Posted 1 month ago on Oct. 30, 2013, 1:57 p.m. EST by GirlFriday
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Republicans on the House Energy and Commerce Committee were on the leading edge. Rep. Joe Barton, R-Texas, and his colleagues tried to stoke a fire of panic by advancing the false charge that Healthcare.gov violates legal protections preventing the government and private entities from disclosing people’s health status information.
Other Republicans settled on a less mendacious strategy. It’s true that a subset of Affordable Care Act beneficiaries will see their overall out-of-pocket costs increase under the law, or be required to pay hundreds of dollars a month for first-time coverage, with no premium support from the government. Those people are coming out of the woodwork. And so Republicans are now spending as much time disingenuously bemoaning Healthcare.gov’s problems as they are pretending that the Obamacare marketplaces will create more losers than winners.
If a flood of stories about “rate shock” scare people out of browsing for plans themselves, all the better. But the real backup plan, such as it is, is to pit a thin demographic — healthy, young, middle-class, disproportionately male individuals who had cheap but crappy insurance until now and are resentful that they have to pay more — against the newly insured, and older, sicker beneficiaries who will see their costs go down, and hope the latter don’t have enough clout to prevail in a political brawl.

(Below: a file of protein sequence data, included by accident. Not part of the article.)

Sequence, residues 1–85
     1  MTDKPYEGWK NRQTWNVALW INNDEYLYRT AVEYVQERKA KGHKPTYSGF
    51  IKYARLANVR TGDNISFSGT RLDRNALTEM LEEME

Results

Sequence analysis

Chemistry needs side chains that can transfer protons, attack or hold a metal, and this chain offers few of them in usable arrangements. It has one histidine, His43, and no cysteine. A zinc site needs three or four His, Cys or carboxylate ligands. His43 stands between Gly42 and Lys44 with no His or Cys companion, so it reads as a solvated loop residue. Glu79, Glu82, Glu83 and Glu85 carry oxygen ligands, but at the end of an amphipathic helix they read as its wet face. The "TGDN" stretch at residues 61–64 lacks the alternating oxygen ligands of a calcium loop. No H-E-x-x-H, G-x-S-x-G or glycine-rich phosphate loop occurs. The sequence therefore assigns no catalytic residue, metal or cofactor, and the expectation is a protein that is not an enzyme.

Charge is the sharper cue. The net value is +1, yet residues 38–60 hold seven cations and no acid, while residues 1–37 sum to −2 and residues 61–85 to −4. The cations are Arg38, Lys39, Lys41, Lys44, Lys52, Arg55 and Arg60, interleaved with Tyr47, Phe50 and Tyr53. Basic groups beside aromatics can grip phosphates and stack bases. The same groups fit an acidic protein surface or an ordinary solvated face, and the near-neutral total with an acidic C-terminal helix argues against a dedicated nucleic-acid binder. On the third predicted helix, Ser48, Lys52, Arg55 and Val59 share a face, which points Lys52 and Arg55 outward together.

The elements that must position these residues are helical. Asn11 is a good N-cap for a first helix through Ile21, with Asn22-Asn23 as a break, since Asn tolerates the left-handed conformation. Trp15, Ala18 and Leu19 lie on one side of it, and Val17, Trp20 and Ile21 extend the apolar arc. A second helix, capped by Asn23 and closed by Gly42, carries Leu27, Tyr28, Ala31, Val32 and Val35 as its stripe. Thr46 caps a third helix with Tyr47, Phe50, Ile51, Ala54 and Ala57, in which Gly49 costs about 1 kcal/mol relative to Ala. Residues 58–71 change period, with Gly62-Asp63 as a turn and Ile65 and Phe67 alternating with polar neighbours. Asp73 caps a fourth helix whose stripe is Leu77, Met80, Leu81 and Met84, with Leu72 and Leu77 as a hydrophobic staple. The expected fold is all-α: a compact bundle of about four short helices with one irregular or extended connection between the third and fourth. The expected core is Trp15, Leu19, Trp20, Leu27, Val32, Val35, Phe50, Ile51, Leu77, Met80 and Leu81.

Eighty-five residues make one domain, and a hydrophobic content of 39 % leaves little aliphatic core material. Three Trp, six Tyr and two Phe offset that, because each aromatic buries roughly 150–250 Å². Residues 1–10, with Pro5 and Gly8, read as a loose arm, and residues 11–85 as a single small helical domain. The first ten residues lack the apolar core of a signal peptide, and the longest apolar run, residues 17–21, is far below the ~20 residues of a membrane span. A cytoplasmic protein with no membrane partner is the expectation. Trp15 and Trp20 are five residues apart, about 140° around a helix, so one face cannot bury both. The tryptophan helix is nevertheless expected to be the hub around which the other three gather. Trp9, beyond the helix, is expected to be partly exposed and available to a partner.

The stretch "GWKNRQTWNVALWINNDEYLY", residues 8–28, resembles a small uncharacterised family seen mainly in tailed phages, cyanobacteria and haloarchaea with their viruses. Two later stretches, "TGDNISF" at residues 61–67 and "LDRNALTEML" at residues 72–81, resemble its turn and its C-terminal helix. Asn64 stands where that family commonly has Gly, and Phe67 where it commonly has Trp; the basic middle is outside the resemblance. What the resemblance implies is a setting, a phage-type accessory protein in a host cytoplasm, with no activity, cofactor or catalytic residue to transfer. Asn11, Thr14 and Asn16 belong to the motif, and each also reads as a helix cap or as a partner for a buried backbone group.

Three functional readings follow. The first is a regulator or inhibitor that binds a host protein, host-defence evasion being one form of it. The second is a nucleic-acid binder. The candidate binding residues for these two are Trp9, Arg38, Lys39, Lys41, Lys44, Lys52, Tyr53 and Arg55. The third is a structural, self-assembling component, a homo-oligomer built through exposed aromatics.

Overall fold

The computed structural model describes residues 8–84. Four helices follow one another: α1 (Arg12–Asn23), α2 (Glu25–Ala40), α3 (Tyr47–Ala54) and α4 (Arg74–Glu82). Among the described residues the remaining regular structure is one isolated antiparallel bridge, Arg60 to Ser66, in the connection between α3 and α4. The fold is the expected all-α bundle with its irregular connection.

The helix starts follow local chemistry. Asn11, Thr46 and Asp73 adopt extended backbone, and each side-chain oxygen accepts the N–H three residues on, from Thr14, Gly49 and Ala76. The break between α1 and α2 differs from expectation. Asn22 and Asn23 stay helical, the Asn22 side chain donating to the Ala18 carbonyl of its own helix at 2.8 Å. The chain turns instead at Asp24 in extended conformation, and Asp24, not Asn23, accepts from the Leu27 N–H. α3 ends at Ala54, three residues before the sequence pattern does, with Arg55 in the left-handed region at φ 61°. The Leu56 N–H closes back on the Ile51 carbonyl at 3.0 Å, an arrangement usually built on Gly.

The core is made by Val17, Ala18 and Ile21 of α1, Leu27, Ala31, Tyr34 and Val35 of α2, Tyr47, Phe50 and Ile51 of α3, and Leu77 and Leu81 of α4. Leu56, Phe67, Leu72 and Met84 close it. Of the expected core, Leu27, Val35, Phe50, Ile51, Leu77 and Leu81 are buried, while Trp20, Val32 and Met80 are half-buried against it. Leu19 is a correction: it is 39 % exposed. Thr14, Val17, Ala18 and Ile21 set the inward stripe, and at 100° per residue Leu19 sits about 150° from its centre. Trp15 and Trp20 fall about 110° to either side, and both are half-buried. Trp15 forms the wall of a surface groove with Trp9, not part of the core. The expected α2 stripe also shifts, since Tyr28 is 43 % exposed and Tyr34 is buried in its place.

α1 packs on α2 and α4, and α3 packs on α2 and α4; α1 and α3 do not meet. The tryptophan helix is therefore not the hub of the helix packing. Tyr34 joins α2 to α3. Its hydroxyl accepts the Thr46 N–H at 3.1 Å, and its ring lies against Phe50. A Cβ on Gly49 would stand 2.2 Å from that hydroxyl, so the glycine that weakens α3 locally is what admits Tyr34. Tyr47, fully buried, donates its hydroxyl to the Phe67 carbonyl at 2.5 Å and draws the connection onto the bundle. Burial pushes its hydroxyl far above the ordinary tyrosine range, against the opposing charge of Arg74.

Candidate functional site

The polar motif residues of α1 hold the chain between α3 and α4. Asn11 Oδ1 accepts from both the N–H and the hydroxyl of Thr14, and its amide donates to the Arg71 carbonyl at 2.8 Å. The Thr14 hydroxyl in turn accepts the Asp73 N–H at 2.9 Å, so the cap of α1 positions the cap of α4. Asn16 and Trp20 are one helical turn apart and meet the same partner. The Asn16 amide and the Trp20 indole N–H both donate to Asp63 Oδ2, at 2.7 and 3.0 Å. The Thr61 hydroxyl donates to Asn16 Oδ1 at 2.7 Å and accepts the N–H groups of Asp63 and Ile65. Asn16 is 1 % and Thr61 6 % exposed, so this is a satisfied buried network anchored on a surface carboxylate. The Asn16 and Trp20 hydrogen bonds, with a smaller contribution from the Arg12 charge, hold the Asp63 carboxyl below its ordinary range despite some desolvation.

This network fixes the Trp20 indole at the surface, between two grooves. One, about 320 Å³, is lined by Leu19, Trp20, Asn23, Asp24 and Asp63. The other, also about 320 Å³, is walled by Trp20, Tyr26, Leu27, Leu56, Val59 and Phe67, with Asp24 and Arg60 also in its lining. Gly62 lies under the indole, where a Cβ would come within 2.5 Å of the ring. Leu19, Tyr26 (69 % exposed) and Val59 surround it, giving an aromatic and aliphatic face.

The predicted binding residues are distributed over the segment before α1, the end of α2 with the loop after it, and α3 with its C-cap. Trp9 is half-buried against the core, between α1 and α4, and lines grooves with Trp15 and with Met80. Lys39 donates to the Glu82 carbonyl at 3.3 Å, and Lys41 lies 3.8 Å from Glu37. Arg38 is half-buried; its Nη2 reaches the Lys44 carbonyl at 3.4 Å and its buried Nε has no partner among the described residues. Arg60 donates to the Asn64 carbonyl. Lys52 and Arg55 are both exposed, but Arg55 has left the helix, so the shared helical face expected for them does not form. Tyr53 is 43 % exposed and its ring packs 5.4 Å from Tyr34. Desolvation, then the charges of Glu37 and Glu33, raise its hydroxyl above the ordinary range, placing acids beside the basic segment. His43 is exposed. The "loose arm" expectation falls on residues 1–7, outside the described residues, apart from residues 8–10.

The right’s demographic will probably be easier to mobilize. See this L.A. Times story, or David Frum’s Twitter account, for a taste of the (in some cases understandable) resentment. But if Healthcare.gov works soon, it probably won’t have the numbers. We’ve known for years that Obamacare wouldn’t be immediately beneficial to everyone’s bottom line — that it would create a new financial hardship for a small minority of consumers. But first-year premiums actually came in lower than expected, which means this demographic will be smaller than anticipated. Moreover, I think the right is badly underestimating how important the law is already proving to people who were uninsurable until this month. Many of them will be happily paying thousands of dollars a year more than they had been — because it costs $0.00 a month to apply for insurance and get turned down. http://www.salon.com/2013/10/28/republicans_new_anti_obamacare_tactic_class_war/